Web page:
One of the top criticisms of Trump administration foreign policy leveled by Biden administration officials is that Donald Trump as president was a wild card. He personalized policy, and he was volatile and unpredictable. Within the White House and at senior levels of the State Department, officials would often be forced to retroactively ascribe some logic to a pronouncement made by Trump on Twitter.
Such criticism was valid, and it is one reason why, both in Washington and in the wider world, many diplomats welcomed the Biden administration’s claim that they would return stability and process to foreign policy. For the most part, Biden’s team has approached the foreign policy process with professionalism. Whether an observer considers the Biden team’s judgment good or bad, little leaks. Neither the White House nor the State Department release much without first winning the approval of National Security Advisor Jake Sullivan or Secretary of State Antony Blinken. Foreign leaders may question Biden’s grasp, but they trust that the era of policy by tweet, at least, is over.
Lack of Evidence
Perhaps such an assessment was too optimistic, or perhaps the message never reached USAID Administrator Samantha Power. In the early morning hours of Jan. 20, Rwandan journalist John Williams Ntwali died in a car accident. While many Rwandan print journalists self-censor their criticisms of the Rwandan government (radio is a different story, and often much more rough-and-tumble), Ntwali did not. The 2018 State Department human rights report criticized Rwanda for having detained Ntwali for ten hours after his “outspoken” blog upset the Rwandan government.
Two days after Ntwali’s death, Power tweeted, “Deeply saddened and concerned by the death of John Williams Ntwali, a brave and respected independent journalist – one of the few remaining in Rwanda. The Rwandan Government must allow an independent, credible investigation into the circumstances of his death.”
Here’s the problem: There is absolutely no evidence that Ntwali’s death was anything other than a tragic car accident. Kigali is a city of hills, and Rwanda itself is mountainous — think Switzerland, often without the guardrails. Car accidents are unfortunately frequent. In 2016, the rate of car crash fatalities was 21.48 per 100,000 people, more than five times the rate in Switzerland. Other metrics suggest the rate of fatal accidents in Rwanda is twice that, and rank Rwanda the 15th most dangerous country for traffic fatalities. Rwanda is a safe country in terms of crime and political violence. It is not much different than Central Europe. Still, the reality of Rwandan roads leads the U.S. Embassy in Rwanda to discourage night driving — because of road safety rather than violence.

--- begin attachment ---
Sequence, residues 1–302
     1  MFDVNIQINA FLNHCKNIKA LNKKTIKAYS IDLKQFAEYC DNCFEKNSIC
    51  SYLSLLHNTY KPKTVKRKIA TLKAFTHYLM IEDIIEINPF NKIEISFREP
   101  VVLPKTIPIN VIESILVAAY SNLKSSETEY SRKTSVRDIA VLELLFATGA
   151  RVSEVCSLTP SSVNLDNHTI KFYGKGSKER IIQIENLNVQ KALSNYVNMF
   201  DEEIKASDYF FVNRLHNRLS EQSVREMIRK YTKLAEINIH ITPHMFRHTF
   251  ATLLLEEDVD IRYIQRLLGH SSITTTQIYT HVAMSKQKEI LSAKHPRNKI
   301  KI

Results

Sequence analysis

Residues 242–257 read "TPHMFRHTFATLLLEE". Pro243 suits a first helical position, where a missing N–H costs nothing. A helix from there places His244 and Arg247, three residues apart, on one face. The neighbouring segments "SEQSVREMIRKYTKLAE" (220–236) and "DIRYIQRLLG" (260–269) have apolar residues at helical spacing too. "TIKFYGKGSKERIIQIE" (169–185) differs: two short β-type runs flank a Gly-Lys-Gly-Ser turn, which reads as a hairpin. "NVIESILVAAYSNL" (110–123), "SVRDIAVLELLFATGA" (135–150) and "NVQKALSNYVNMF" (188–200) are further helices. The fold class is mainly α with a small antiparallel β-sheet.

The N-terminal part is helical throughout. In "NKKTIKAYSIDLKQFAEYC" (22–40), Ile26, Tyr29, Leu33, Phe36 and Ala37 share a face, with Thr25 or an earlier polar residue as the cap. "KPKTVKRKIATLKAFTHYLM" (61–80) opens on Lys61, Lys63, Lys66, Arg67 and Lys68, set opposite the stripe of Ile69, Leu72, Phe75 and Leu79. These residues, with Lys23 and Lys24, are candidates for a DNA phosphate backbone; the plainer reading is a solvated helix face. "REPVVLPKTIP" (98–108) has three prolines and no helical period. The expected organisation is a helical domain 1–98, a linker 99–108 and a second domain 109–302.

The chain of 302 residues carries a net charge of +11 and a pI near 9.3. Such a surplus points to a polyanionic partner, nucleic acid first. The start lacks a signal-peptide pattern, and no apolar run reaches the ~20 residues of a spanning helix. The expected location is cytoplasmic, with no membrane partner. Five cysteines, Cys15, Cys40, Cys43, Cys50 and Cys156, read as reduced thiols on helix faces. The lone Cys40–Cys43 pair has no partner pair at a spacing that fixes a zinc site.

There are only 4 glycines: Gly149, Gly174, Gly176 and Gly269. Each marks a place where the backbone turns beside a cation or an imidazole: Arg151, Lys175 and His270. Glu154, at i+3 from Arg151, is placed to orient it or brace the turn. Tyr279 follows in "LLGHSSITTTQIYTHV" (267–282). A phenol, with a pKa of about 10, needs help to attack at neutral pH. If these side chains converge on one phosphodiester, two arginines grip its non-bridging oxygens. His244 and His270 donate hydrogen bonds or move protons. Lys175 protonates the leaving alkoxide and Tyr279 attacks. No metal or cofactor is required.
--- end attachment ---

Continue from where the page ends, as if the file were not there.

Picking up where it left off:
In Ntwali’s case, police arrested the driver of the car that struck Ntwali’s automobile. That makes Power’s assertion even more bizarre. It is not uncommon for some regimes to target dissidents with cars, usually in a hit-and-run. Iraqi Kurdistan’s security establishment does it. So too do Turkey and Cuba. In such cases, no one finds, let alone arrests the driver who causes the accident if they were acting on state orders.
Out of Focus
I asked around to see if the U.S. government has any reason to believe that Ntwali’s death was anything more than a tragic accident. No. Apparently Power freelanced in service of her own dislike of Rwandan President Paul Kagame. She fanned the flames of a conspiracy theory that even Rwandan critics of Kagame find dubious. There are certainly valid reasons to criticize Kagame, but to do so without evidence reinforces the criticism of activists who use the mantle of human rights to pursue political goals without any adherence to metrics or methodology. It also throws a wrench in the ability of Blinken to negotiate in good faith as tensions flare between Rwanda and the Democratic Republic of Congo.
The entire episode is reminiscent of Susan Rice, who a decade ago, as U.S. ambassador to the United Nations, threw U.S.-Morocco relations into disarray by unilaterally changing the United States’ position on the role of the United Nations Mission for the Referendum in Western Sahara. In anger at Rice’s action, Morocco — perhaps America’s closest ally in Africa — canceled military exercises and delayed a visit by the king to Washington. Rice’s freelancing came absent any policy discussion or consultation with the State Department or the National Security Council. Ultimately, it took phone calls by then-President Barack Obama and Secretary of State Hillary Clinton to repair the damage and make clear to Morocco that Rice had acted out of turn.
Power’s tweet was unprofessional. It had nothing to do with her USAID portfolio. Its lack of coordination makes Biden’s team look uncomfortably like Trump’s, and perhaps Power does not care. Whatever her motivations, neither Africans nor U.S. foreign relations should suffer for the ego or ambition of a single figure. The only question now is whether Power will apologize. Either way, USAID is at its strongest when its leaders focus on international development, rather than chase conspiracy theories and Twitter followers.
Now a 1945 Contributing Editor, Dr. Michael Rubin is a Senior Fellow at the American Enterprise Institute (AEI). Dr. Rubin is the author, coauthor, and coeditor of several books exploring diplomacy, Iranian history, Arab culture, Kurdish studies, and Shi’ite politics, including “Seven Pillars: What Really Causes Instability in the Middle East?” (AEI Press, 2019); “Kurdistan Rising” (AEI Press, 2016); “Dancing with the Devil: The Perils of Engaging Rogue Regimes” (Encounter Books, 2014); and “Eternal Iran: Continuity and Chaos” (Palgrave, 2005).